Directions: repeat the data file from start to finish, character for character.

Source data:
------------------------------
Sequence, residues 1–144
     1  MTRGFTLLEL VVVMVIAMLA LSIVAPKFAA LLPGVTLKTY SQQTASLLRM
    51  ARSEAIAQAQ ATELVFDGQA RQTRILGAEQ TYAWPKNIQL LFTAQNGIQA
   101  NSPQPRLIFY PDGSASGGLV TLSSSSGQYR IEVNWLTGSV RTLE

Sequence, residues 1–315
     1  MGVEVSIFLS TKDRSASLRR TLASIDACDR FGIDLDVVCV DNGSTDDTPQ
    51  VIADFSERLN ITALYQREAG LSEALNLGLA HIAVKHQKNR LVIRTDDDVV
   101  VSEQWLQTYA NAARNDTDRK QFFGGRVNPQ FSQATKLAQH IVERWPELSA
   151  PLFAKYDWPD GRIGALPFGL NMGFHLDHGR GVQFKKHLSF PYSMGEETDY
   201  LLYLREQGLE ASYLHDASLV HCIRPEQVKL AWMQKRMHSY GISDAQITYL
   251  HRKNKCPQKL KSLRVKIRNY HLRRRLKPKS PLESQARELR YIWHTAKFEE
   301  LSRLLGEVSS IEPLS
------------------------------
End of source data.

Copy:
Sequence, residues 1–144
     1  MTRGFTLLEL VVVMVIAMLA LSIVAPKFAA LLPGVTLKTY SQQTASLLRM
    51  ARSEAIAQAQ ATELVFDGQA RQTRILGAEQ TYAWPKNIQL LFTAQNGIQA
   101  NSPQPRLIFY PDGSASGGLV TLSSSSGQYR IEVNWLTGSV RTLE

Sequence, residues 1–315
     1  MGVEVSIFLS TKDRSASLRR TLASIDACDR FGIDLDVVCV DNGSTDDTPQ
    51  VIADFSERLN ITALYQREAG LSEALNLGLA HIAVKHQKNR LVIRTDDDVV
   101  VSEQWLQTYA NAARNDTDRK QFFGGRVNPQ FSQATKLAQH IVERWPELSA
   151  PLFAKYDWPD GRIGALPFGL NMGFHLDHGR GVQFKKHLSF PYSMGEETDY
   201  LLYLREQGLE ASYLHDASLV HCIRPEQVKL AWMQKRMHSY GISDAQITYL
   251  HRKNKCPQKL KSLRVKIRNY HLRRRLKPKS PLESQARELR YIWHTAKFEE
   301  LSRLLGEVSS IEPLS